Robert Herrick, a forgotten poet of the seventeenth century, leaves his legacy in song. Known as the “songwriter,” his work is among the easiest to set to music.
Blake R. Henson arranged one of Herrick’s most widely recognized poems, “To Music, To Becalm His Fever,” in a choral setting of tense chord clusters that resolve into freeing harmonies. They mimic the structure of the poem. Give it a listen and revel in the movement from tension to release.
The poem is written in three stanzas of eleven lines each, which may make it feel a little unbalanced. Perhaps that is the point. The words constantly move forward, never finding rest until the end. The lines shorten as the stanzas progress, in a pattern of 87874474443. They move in and out like waves, settling on the final, emphasized line. The effect on the audience is much greater when the rhyme-scheme of ababccdeeed is taken into account. The “d” rhyme, or “sever” in the first stanza, is almost forgotten until the last line rings out.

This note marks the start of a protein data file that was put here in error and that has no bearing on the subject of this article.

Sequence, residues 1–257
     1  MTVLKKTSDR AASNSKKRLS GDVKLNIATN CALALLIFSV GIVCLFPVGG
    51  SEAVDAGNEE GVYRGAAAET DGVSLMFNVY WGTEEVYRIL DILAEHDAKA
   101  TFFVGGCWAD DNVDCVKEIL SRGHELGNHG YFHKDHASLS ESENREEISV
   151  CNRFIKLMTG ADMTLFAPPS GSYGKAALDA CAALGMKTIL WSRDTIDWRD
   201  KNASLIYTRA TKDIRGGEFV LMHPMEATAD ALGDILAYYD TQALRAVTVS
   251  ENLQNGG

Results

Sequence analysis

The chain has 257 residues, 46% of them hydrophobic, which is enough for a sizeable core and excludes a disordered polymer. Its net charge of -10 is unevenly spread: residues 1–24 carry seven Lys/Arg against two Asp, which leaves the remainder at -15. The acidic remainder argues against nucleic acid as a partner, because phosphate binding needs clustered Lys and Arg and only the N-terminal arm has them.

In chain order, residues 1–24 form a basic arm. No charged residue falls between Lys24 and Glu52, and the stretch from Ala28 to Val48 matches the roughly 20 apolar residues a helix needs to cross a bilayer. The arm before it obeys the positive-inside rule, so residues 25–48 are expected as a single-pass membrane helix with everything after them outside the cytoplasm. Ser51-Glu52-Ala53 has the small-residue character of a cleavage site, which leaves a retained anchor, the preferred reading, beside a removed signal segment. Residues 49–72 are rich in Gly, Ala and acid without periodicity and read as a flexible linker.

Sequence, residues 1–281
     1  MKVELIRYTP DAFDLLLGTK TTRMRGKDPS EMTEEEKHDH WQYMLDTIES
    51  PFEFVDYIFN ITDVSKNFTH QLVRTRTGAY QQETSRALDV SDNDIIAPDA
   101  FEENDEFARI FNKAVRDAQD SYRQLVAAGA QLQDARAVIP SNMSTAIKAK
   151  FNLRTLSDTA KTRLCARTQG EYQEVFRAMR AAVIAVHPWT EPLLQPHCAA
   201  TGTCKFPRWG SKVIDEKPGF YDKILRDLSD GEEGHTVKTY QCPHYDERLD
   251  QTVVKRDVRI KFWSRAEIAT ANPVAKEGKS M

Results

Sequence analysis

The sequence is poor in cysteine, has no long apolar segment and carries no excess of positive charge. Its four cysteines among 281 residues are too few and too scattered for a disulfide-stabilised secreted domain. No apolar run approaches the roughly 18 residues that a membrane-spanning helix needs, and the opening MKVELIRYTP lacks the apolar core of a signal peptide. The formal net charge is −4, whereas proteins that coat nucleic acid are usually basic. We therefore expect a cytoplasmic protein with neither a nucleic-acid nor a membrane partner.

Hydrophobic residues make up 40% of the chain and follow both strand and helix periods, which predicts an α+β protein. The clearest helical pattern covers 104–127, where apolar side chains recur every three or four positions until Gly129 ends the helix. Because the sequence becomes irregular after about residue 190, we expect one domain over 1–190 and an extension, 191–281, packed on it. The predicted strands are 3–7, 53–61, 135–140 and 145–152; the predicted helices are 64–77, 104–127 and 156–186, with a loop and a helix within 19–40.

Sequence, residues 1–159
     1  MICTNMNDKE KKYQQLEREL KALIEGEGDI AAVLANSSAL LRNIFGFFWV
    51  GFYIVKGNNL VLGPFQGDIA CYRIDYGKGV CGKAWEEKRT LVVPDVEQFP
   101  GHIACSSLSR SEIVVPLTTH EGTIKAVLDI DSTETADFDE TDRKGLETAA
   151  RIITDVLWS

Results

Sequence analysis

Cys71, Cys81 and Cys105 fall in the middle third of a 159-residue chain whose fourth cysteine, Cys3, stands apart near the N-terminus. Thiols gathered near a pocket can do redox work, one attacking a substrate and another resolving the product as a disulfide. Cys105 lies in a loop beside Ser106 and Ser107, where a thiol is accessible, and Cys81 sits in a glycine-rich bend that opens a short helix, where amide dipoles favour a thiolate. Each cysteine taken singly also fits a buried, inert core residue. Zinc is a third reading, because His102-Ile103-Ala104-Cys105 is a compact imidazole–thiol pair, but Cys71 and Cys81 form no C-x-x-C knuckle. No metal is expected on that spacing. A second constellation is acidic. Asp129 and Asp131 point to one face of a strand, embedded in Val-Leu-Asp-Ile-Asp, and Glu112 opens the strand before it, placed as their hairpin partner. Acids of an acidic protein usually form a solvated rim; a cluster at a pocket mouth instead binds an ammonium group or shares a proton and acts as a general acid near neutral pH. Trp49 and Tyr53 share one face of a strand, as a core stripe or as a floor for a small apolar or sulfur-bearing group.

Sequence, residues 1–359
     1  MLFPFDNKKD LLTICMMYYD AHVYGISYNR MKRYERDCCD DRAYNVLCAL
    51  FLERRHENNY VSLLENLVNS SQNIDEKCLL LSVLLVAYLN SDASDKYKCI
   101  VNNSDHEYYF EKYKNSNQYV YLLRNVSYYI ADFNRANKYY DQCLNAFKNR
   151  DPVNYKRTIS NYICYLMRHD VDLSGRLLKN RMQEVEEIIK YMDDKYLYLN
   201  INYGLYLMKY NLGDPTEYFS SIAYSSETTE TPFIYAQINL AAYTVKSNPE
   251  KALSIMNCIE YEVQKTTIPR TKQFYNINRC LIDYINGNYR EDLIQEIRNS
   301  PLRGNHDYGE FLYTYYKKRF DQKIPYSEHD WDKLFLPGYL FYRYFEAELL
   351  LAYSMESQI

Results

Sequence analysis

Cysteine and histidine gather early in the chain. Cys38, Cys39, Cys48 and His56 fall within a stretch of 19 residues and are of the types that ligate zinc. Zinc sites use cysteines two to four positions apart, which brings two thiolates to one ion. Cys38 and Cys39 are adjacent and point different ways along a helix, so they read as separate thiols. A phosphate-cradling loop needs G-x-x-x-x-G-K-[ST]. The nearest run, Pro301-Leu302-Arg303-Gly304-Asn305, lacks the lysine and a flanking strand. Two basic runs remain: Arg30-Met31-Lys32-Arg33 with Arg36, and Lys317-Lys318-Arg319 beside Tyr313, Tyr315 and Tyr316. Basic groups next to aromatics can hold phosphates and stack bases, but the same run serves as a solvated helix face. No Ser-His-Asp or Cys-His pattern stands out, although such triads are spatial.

Read it aloud a few times, and you’ll feel the punch at the end.
To Music, To Becalm His Fever
Charm me asleep, and melt me so
With thy delicious numbers,
That, being ravish’d, hence I go
Away in easy slumbers.
Ease my sick head,
And make my bed,
Thou power that canst sever
From me this ill,
And quickly still,
Though thou not kill
Thou sweetly canst convert the same
From a consuming fire
Into a gentle licking flame,
And make it thus expire.
Then make me weep
My pains asleep;
And give me such reposes
That I, poor I,
May think thereby
I live and die
Fall on me like the silent dew,
Or like those maiden showers
Which, by the peep of day, do strew
A baptism o’er the flowers.
Melt, melt my pains
With thy soft strains;
That, having ease me given,
With full delight
I leave this light,
And take my flight
Not all music has to have notes. This poem is music all on its own, and maybe that’s why it’s so easily set to music. Henson’s title of the setting, “My Flight For Heaven” is a beautiful way to emphasize what seems to be the most important lines of the poem. It certainly feels that every word leads to those.
Hi, I’m Amy!
I’m a PhD studying Music Theory & Cognition at Northwestern University in Chicago.
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